Death Penalty Discriminatory, Costly, Ineffective

Aaron Pressman, Contributing Writer

There once was a man named Troy Davis. Davis was convicted of murdering a police officer and was sentenced to death in 1991. After 20 years of imprisonment and awaiting death, Davis was finally executed in 2011. Prior to his execution, seven of the nine eyewitnesses used to convict him recanted their testimonies, jeopardizing their credibility and admitting that they lied under oath. They did this in hopes that it would save the life of an innocent man. This, coupled with numerous new pieces of evidence pointing to Davis’s innocence, prompted former President Jimmy Carter, Pope Benedict XVI and over one million American citizens to ask the state of Georgia not to execute Davis without further hearings. Neither Georgia nor the Supreme Court would listen. They strapped a likely innocent man in a chair and took his life.

This is not an isolated case. Since 1973, when the death penalty was reinstated, 143 people have been exonerated from death row with new evidence of their innocence. There are also at least 17 recorded instances in which a convict has been exonerated after being executed. Killing innocent people in the process of seeking vengeance for killing innocent people is unacceptable. The death penalty needs to go.

One major problem with capital punishment is that it is incredibly costly. For one, death penalty trials generally last around four times as long as a trial where the death penalty is not an option. Legal costs are also increased through additional pretrial procedures, appeals, a longer voir dire process and an increased number of attorneys. In addition, many states place death row inmates in solitary confinement, which requires more cells and security at the taxpayers’ expense. One of the most costly states for the death penalty is California. The California Commission on the Fair Administration of Justice estimates that the death penalty has cost the state of California over four and a half billion dollars since it was rein- stated in 1978. This accounts for one billion dollars of extra incarceration costs, $1.94 billion of extra trial costs, $925 million of state appeals and $775 million of federal appeals. There are currently only 731 inmates on death row, and there have only been 13 actual executions, bringing the total average cost of each execution to over 350 million dollars. To put this in context, the amount of money spent on each execution is the same amount of money that 7,000 workers make in a year if they each make an average annual salary of $50,000.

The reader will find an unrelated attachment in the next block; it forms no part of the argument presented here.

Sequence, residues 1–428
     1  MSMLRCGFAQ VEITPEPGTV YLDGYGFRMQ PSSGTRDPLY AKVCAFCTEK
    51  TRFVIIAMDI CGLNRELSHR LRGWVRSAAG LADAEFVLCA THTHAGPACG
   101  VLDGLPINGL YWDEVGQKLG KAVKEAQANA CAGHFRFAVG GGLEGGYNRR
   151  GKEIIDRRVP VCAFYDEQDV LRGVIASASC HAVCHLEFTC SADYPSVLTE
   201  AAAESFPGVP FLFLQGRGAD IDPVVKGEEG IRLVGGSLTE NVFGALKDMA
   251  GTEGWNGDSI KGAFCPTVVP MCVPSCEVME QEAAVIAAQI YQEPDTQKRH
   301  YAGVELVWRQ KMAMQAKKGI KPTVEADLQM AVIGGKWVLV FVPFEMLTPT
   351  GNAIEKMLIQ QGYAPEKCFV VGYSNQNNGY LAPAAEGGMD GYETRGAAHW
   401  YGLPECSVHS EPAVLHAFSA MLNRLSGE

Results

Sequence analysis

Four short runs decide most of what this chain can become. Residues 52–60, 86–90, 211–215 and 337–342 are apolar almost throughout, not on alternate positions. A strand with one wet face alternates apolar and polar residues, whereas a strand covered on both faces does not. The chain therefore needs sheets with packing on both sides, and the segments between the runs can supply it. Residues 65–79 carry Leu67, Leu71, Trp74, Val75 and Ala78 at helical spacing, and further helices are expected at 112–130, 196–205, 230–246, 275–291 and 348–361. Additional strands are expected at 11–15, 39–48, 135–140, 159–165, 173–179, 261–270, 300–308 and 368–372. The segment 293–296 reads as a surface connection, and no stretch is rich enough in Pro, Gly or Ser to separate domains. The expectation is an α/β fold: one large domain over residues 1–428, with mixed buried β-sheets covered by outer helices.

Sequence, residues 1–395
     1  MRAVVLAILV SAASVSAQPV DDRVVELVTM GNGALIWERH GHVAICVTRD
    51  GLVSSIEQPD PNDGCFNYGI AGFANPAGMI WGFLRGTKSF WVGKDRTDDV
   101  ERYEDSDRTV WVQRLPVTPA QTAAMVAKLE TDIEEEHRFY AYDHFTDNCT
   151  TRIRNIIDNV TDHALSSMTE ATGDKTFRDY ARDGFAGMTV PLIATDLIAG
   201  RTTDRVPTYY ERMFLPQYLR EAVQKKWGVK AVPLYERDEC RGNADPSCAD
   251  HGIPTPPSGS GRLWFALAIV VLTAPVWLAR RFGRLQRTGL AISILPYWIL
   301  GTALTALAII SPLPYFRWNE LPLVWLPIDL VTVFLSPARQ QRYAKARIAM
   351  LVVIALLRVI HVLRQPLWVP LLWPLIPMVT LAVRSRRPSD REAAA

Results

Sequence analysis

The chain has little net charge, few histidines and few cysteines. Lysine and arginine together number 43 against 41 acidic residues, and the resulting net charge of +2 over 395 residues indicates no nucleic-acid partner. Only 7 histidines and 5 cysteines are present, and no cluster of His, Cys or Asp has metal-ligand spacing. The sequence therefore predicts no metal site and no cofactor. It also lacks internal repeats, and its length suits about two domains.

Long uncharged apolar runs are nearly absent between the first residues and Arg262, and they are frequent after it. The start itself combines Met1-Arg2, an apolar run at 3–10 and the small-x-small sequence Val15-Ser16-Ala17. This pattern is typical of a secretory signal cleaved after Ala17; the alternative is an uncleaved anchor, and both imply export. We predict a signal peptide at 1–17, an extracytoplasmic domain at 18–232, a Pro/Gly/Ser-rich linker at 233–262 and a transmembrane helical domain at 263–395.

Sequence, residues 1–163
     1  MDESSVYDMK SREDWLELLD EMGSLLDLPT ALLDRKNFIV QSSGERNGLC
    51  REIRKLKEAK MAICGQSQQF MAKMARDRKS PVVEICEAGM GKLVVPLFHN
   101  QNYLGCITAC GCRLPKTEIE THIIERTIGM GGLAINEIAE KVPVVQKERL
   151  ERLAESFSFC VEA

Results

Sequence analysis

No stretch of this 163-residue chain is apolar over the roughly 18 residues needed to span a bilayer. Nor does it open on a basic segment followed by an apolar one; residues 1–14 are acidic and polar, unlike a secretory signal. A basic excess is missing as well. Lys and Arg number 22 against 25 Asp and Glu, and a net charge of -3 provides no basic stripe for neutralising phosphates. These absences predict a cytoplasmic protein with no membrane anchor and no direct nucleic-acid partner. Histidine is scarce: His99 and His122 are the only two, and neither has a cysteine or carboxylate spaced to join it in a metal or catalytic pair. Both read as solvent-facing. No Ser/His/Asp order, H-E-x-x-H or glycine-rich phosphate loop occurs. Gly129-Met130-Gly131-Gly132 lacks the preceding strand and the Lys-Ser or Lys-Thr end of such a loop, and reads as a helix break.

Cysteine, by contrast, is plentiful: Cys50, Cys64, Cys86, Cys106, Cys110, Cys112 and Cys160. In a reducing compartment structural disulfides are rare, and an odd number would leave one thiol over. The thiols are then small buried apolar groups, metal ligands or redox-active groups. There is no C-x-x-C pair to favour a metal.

The opposite extreme, in which executions are comparatively very cheap, is Texas. In Texas, the cost to execute a prisoner is approximately $2.3 million. Yet, the cost to imprison someone in maximum security for life, even in a single cell, is only a third of this. Even in the state that grants the fewest appeals and executes prisoners the quickest, the death penalty is still way more expensive than life in prison.

The death penalty has also been shown to be very racist. The Michigan State Law Review reports that participants in a recent study were more likely to sentence an African-American defendant to death, especially if the victim was white. Statistics in the state of Alabama also show that nearly 65 percent of all murders involve black victims, yet 80 percent of the people currently awaiting execution in Alabama were convicted of crimes in which the victims were white. Further, only 6 percent of all murders in Alabama involve black defendants and white victims, but over 60 percent of black death row prisoners have been sentenced for killing someone who was white.

The benefits of the death penalty are very limited. There is little to no evidence that it serves as a crime deterrent, with many death penalty advocates even agreeing that it is not used to deter crime. In fact, according to the Death Penalty Information Center, states with the death penalty have 46 percent more murders than states without.

This leaves the main motivation for the death penalty to be revenge. However, if one really wants to seek revenge, they should not punish themselves and all the other innocent taxpayers by wasting tax money; nor should they wish death upon someone else who could potentially be innocent. Instead, the United States should follow the example of other Western na- tions and abolish the death penalty once and for all.